Reclaim Freddie Gray

Saturday's violence was deplorable, but it was no “Baltimore riot.”

Our hearts go out to the family of Freddie Gray, who not only had to bury a loved one today but also to cope with the violence that raged across the streets of West Baltimore in the hours that followed his funeral. The scenes that played out on the streets — teens throwing rocks and bricks, setting cars ablaze, plundering stores; police officers lined up in tactical gear, firing tear gas and pepper balls, some of them injured badly by the reckless violence — were not only at odds with the Gray family's expressly stated wishes but also with the hope for a true redress of their grievances and those of the community at large. We join with the Gray family in urging Baltimoreans to continue expressing the passions that his death stirred but to do so peacefully. Looting convenience stores, smashing police car windows and throwing rocks at officers accomplishes nothing but to confirm the ugly stereotypes that underlie the very injustices the demonstrators are trying to protest.

Today's events had the air of a self-reinforcing spiral of devastation. Teens circulated on social media a call for a "purge," a reference to a movie about a breakdown of all laws, and police responded with stern warnings to the public about the likelihood of violence and looting, prompting a number of businesses and institutions to close and send their workers home. The police then set up phalanxes around the Mondawmin transit center — a place where students congregate after school on an ordinary day because of the convergence of the Metro with several bus lines. Did the teens truly have ill intent when they arrived, or did the sight of the officers carrying shields and batons — not to mention television cameras — goad some into reckless and destructive behavior? Did the police's heavy response prevent more destruction, or did it amplify the tension?

We can never know, but the confrontation shifted the state of post-Freddie Gray Baltimore. The Orioles canceled their game Gov. Larry Hogan declared a state of emergency, the National Guard stood by to intervene if necessary, and the city set a curfew. What had been the site of a sustained and peaceful dialogue about how poor, minority, inner-city residents are treated by the police suddenly took on the feel of an armed camp, with smoke, sirens and helicopters filling the air.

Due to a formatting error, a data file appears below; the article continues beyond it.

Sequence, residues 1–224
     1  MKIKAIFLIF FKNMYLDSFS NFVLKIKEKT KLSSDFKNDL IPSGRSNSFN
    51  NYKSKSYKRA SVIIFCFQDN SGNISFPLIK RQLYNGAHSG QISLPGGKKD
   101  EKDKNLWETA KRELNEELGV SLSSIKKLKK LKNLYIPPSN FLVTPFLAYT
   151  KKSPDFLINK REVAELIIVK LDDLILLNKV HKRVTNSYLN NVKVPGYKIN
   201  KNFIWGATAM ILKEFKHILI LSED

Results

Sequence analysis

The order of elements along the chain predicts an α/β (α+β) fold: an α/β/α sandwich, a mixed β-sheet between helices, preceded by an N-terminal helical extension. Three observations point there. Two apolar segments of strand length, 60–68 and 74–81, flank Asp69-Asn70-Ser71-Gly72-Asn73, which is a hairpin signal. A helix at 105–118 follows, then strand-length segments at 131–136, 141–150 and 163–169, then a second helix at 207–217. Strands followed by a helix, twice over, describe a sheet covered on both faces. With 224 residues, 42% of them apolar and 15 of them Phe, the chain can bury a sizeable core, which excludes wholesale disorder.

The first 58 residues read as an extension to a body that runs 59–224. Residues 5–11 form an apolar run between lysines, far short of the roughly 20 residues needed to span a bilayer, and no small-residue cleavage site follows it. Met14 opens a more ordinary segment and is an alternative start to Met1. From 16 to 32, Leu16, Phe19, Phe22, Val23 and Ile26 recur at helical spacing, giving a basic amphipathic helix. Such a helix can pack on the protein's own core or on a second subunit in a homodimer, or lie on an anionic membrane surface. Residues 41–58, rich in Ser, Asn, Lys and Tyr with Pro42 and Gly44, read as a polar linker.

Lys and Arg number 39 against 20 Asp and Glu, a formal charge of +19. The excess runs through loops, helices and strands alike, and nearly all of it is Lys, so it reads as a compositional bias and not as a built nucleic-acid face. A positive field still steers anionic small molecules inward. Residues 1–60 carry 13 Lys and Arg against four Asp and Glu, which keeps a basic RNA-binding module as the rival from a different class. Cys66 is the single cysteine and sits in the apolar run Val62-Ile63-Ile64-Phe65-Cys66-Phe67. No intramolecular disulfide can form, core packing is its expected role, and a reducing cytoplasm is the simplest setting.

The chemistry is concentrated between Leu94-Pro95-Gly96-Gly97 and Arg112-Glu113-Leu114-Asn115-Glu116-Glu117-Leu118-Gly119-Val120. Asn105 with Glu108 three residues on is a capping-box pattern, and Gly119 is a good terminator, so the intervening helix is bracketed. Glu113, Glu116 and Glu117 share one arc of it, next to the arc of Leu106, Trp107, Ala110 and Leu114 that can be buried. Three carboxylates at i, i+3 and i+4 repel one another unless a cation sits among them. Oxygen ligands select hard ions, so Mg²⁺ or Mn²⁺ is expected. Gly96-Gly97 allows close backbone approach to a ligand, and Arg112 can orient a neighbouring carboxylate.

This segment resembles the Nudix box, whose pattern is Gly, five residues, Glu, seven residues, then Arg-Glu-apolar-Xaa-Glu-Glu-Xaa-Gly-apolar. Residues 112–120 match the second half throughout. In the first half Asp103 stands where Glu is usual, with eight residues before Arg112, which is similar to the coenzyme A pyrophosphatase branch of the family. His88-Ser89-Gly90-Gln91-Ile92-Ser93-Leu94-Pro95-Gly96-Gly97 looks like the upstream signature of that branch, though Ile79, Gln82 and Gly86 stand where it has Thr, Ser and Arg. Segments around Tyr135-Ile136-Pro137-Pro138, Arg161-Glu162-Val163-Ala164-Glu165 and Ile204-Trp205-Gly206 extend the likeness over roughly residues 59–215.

Now we have to shift it back.

Mayor Stephanie Rawlings-Blake, the governor, members of the state's congressional delegation and other leaders are urging calm, as are many of the city's religious leaders. It will take more than that. It will take the thousands who have already marched in peaceful solidarity with the Gray family's cause, and the many thousands more who have silently supported them, to take back the movement, to drown out those few who choose chaos over order. The Gray family's attorney, Billy Murphy, suggested on CNN that the Freddie Gray protests pause until the city comes under control. That's an understandable sentiment, but if we are to not only restore the peace but also realize something positive from the memory of Freddie Gray, it will take more than silence. All the rest of us must speak out and do our parts to find solutions to the injustices that pervade the inner city where he lived and died.

It is possible. Even amid the mayhem, the city has shown signs of unity.

The Orioles were playing the Red Sox at Camden Yards Saturday as the first waves of violence broke out nearby, and officials were concerned enough at one point that fans weren't allowed to leave for about half an hour. Shortly after the game ended, John Angelos, the Orioles executive vice president and son of Peter Angelos, sent a series of tweets showing more solidarity with the experiences of the protesters than one might expect from a scion of one of Baltimore's wealthiest and most powerful families. "We need to keep in mind people are suffering and dying around the US and while we are thankful no one was injured at Camden Yards, there is a far bigger picture for poor Americans in Baltimore and everywhere who don't have jobs and are losing economic, civil and legal rights and this … makes inconvenience at a ball game irrelevant in light of the needless suffering government is inflicting upon ordinary Americans," he wrote.

The next day, as businesses along Howard Street worked to clean up, two as yet anonymous students from Morgan State University showed up at a 7-Eleven "with a mop, bucket and spray cleaners," according to a company spokeswoman. "They were on a mission to help," she said.

Some suggest that Baltimore has reached a tipping point in its reaction to Freddie Gray's death. Perhaps it has, but we need to remember that tipping over into chaos and violence is not inevitable. Whoever caused the destruction, whether they were out of towners or natives, we must remember that there are many more of us who are praying for justice through peace.

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